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Photo: Cloverdale’s 2014 Best of Show, a 1937 Dodge pickup owned by Jack White of Santa Rosa.

CLOVERDALE

Cars, pancakes and tri-tip

The annual Cloverdale Car and Motorcycle Show will begin at 7 p.m. Friday with an evening cruise through town, followed by dancing until 10 p.m. in the Downtown Plaza to live music by the Unauthorized Rolling Stones.

“After a great summer of outdoor concerts, Friday night will still be rocking this week in Cloverdale,” said Cloverdale Chamber Executive Director Robin Wilkerson.

Vehicles will assemble for the cruise at the Furber Ranch Plaza, 1139 S. Cloverdale Blvd., and will travel north on Cloverdale Boulevard to the Hamburger Ranch, turn around and cruise back.

On Saturday, a pancake breakfast will be served 8-11 a.m. at the Cloverdale Senior Center, 311 N. Main St. Cost is $6, $3 for kids 5 to 11. Check out the rummage sale that continues until 3 p.m.

In the downtown business district, more than 200 classic and vintage cars, trucks and motorcycles will be on display 10 a.m.-3 p.m. between Lake and East Second streets. Trophies will be awarded at the end of the day.

Cloverdale illustrator/author Dan Quarnstrom will be on hand with copies of his recently published book, “Joyride/Flatout: Hot Rods and Dream Machines.” He will be joined by the new Bear Republic Beer Garden and the Pit Shop Beer and Souvenir booth.

The Cloverdale Volunteer Firefighter’s Association’s annual tri-tip barbecue dinner dance will run 4 p.m.-midnight Saturday at the Citrus Fair, with live music by Rodeo House. Tickets are $25, $15 for kids, available in advance at the firehouse, 451 S. Cloverdale Blvd., or by calling 894-3545.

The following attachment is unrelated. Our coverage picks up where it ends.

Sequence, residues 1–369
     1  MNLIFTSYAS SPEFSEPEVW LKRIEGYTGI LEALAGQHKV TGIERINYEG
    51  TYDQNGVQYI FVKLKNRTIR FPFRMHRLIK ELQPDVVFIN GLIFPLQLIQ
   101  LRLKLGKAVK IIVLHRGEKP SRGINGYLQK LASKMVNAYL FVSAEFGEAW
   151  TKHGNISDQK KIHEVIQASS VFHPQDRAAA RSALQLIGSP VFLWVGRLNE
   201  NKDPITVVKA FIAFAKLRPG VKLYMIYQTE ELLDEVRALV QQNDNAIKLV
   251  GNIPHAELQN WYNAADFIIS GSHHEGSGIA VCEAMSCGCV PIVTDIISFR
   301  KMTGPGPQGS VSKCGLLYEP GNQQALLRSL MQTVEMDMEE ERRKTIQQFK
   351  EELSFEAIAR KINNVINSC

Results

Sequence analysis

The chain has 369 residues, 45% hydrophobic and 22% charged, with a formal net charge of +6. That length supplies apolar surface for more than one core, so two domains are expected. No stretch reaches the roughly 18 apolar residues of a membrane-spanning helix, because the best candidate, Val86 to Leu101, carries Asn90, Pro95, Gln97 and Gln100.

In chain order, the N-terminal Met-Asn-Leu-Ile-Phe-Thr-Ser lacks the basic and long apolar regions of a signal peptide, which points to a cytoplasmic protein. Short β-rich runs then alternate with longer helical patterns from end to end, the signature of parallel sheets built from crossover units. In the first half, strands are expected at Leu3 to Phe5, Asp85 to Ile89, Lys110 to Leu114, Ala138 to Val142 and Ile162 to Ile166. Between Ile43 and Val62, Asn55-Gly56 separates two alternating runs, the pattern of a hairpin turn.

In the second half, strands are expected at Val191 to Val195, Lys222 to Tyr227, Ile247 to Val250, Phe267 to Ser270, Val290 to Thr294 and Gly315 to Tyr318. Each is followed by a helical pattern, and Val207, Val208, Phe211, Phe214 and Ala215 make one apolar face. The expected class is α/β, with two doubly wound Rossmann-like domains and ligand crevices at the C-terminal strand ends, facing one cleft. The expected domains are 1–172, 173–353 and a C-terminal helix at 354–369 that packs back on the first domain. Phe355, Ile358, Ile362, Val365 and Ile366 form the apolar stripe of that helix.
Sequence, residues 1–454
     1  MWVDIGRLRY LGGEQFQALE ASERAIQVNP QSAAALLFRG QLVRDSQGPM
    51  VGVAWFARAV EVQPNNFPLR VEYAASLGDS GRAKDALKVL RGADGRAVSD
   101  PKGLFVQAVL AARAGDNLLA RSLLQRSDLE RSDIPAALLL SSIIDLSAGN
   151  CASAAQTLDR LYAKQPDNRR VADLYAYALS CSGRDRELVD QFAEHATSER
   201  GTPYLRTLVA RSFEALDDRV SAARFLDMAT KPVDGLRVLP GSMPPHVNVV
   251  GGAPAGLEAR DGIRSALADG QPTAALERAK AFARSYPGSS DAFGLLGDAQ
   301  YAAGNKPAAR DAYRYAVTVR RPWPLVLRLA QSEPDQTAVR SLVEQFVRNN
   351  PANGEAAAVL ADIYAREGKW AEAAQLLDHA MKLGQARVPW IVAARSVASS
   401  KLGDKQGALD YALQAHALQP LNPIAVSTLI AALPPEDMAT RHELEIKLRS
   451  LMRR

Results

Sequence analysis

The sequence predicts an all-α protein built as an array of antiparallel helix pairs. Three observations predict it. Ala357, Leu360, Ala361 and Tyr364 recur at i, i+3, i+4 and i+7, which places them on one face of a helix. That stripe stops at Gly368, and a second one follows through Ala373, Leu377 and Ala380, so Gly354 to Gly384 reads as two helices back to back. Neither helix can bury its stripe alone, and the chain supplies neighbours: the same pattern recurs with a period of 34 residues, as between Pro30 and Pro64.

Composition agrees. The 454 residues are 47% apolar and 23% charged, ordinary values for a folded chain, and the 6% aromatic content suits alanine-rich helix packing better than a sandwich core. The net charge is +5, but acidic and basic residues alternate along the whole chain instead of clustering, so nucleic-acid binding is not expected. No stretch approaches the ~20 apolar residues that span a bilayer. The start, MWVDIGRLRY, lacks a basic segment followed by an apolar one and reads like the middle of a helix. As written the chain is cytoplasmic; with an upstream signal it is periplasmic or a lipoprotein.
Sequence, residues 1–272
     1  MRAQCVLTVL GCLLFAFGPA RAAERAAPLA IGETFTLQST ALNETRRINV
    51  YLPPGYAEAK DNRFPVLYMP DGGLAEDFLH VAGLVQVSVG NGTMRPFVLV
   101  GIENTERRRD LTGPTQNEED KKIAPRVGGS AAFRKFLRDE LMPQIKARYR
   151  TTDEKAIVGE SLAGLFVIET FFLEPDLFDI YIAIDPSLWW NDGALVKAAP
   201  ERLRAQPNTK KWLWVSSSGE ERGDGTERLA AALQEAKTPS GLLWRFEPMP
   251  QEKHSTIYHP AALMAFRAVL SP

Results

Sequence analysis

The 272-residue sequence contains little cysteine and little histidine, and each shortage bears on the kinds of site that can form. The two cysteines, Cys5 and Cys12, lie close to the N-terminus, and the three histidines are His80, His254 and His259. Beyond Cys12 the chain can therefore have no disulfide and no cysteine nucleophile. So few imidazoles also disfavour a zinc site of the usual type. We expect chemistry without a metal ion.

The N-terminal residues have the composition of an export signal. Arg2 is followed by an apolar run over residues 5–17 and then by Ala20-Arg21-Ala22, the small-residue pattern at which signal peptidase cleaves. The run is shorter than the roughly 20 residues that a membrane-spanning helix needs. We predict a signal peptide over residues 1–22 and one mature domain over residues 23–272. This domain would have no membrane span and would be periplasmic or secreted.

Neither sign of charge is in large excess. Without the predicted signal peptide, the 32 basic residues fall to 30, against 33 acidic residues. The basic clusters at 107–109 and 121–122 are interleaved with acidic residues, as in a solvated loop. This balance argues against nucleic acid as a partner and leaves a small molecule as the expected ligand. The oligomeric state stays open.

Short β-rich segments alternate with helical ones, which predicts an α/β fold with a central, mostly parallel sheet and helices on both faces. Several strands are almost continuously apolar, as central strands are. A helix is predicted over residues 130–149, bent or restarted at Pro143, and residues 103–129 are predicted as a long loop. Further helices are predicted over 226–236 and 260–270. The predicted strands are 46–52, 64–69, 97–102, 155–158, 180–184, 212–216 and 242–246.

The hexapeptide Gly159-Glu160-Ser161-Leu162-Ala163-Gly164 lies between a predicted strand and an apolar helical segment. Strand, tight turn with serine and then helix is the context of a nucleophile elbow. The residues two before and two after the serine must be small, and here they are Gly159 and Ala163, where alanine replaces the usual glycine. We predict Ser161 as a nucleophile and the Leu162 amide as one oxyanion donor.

The first Cloverdale Car Show was held in 1994 to celebrate the opening of the Cloverdale Bypass. Its popularity has grown steadily over the years and is now one of the community’s most anticipated annual events. Info: cloverdalecarshow.com or 894-4470.

— Mary Jo Winter

GEYSERVILLE

Couple honored by museum

Geyserville residents Karen and Harry Bosworth will be honored Sept. 18 with the Healdsburg Museum’s 2015 Pioneer Award, which recognizes their outstanding community involvement, commitment to local history and deep roots as business and civic leaders. The celebration will be held at the Villa Chanticleer in Healdsburg.

The Bosworths support healthcare, education, local history, agriculture, civic activities and fire and rescue services. Their long-time involvement with Healdsburg Museum has included donations of rare historical photos and extensive historical research, participation in their events and exhibits and sponsorships.

This event will be the Museum’s largest fundraising activity of the year, with a reception at 5:30 p.m., followed by a four-course dinner prepared by Dino Bugica of Diavola and Domenica Catelli of Catelli’s, both in Geyserville, and Ralph Tingle of Ralph’s Martini Bar in Healdsburg. Deserts will be prepared by Costeaux French Bakery.

Geyserville author Joe Pelanconi will honor the Bosworths with his historical humor, and state Sen. Mike McGuire will serve as emcee and live auctioneer.

Tickets are $100 each at the Healdsburg Museum, 431-3325.

In other news, Geyserville athletes need rides to their games for the next few weeks because the bus is down for repairs. Please contact Lisa Harjak at lharjak@gusd.com to volunteer.

— Deborah Rust

WINDSOR

Temporary sculptures sought

The Town of Windsor is looking for two temporary sculptures to “energize” its new roundabouts, located 1,500 feet apart on Old Redwood Highway. The project’s theme is “Art is Energizing the Community,” incorporating energy production from natural elements that include but are not limited to wind, solar and kinetic energy. Proposals are due Sept. 24.